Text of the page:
10 Books of Summer

10

Cathy is running the summer reading challenge that aims to clear some books off your To Read pile again this year – hooray! I’m joining in with my usual ten book goal. As a target, it worked out well for me last year, despite being fooled by some tiny old books into thinking they were short reads. I only missed my goal by one. I’m confident that I’ll hit my goal this year, though, especially since I’ve averaged a book a week so far.

The challenge runs from 1 June to 1 September and you can find out more about what’s involved in Cathy’s introductory post on 746 Books. The main rule is that the rules aren’t tightly binding. So if you choose a book and then don’t fancy it, it’s more than okay to swap it for something else. Or if you have a bit of a reading slump and your target starts to feel like a stretch, then you should feel free to recalibrate to something more realistic. As long as something gets cleared off the To Read pile, you’re golden. Continue reading

Six Degrees of Separation: From The End of the Affair to Do Androids Dream of Electric Sheep?

Here we are at the first Saturday in March, meaning it’s time for Six Degrees of Separation, hosted by Kate at Books Are My Favourite and Best.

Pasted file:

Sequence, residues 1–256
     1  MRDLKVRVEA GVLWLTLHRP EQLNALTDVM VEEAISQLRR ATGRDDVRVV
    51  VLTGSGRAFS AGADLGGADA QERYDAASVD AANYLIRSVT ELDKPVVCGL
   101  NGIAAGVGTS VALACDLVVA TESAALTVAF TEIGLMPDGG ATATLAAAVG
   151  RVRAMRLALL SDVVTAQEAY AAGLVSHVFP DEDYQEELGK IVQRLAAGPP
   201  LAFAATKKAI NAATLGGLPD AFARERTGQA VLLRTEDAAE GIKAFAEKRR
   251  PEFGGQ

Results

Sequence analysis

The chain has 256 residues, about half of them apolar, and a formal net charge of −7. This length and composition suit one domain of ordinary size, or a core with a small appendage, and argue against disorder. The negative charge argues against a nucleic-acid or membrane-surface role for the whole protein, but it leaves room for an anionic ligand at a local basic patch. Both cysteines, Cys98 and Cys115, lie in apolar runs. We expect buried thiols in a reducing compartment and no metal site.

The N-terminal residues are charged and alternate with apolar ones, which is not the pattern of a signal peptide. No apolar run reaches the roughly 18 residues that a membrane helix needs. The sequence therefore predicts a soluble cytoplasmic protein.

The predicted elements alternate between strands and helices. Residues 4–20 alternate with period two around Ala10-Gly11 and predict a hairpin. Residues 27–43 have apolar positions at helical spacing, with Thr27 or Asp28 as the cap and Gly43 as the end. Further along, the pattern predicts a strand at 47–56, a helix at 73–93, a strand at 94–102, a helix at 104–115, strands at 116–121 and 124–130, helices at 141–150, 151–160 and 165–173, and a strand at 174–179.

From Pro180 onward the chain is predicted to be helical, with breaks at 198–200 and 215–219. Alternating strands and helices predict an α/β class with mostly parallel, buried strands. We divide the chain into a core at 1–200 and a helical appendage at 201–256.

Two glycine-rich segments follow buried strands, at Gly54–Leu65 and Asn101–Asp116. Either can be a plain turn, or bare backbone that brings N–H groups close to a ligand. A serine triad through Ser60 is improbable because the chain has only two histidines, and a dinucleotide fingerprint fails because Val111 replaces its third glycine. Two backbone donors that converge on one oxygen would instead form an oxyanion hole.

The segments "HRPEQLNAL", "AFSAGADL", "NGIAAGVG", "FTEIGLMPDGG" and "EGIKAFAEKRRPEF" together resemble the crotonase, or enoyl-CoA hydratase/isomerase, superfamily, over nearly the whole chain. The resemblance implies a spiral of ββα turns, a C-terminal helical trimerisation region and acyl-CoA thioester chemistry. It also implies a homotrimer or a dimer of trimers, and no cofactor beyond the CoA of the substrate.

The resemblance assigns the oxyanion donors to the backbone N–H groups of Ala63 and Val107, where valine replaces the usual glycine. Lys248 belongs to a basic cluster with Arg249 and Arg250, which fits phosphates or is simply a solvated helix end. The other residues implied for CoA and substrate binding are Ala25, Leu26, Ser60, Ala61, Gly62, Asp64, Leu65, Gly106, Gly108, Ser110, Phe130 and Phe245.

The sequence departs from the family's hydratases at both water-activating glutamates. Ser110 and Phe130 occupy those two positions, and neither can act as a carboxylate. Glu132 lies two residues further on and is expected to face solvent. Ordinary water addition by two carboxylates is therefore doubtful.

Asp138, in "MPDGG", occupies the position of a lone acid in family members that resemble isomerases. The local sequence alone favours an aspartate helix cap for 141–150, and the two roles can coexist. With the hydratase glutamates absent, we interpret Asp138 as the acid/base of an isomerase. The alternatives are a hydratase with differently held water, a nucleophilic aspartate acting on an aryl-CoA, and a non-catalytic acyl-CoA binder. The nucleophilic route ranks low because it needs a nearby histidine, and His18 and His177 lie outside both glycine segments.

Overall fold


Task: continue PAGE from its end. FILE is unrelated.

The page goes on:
The starting book for this month’s chain is Graham Greene’s The End of the Affair, about extramarital love in a time of war. Although I haven’t read this one, I like Graham Greene’s writing and am interested in reading this novel at some point.

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Six Degrees of Separation: From Rules of Civility to Daisy Miller

It’s 2022, so a Happy New Year to you. 1 January was also the first Saturday of the month, making it time for Six Degrees of Separation, hosted by Kate at Books Are My Favourite and Best.

Our starting book this month is one that I included in my January chain two years agoRules of Civility by Amor Towles. This is a book I read before I started this blog. It was recommended to me by a good friend in New York, and I loved it.

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Random Thoughts: Meeting People is Easy

Image from EMS-FORSTER-PRODUCTIONS/DigitalVision/Getty

I don’t know why I’ve chosen the title of a film I’ve never watched about a band I’m not that bothered about as the heading for this post. Perhaps because I don’t think meeting people is easy. And yet here I am about to pretend to meet people by answering some questions about myself. Thank goodness we’re not in a room together.

I don’t often do things that involve tagging, but Chris over at Calmgrove’s recent post in response to a new tag #goodtomeetcha invented by Mayri at Bookforager sent me off to the origin post.

I enjoyed both Chris’s and Mayri’s answers so much that I’ve decided to have a go myself. The questions are all as they appear in Mayri’s post.

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Where the Wild Ladies Are

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Read 04/05/2021-16/05/2021

Rating 5 stars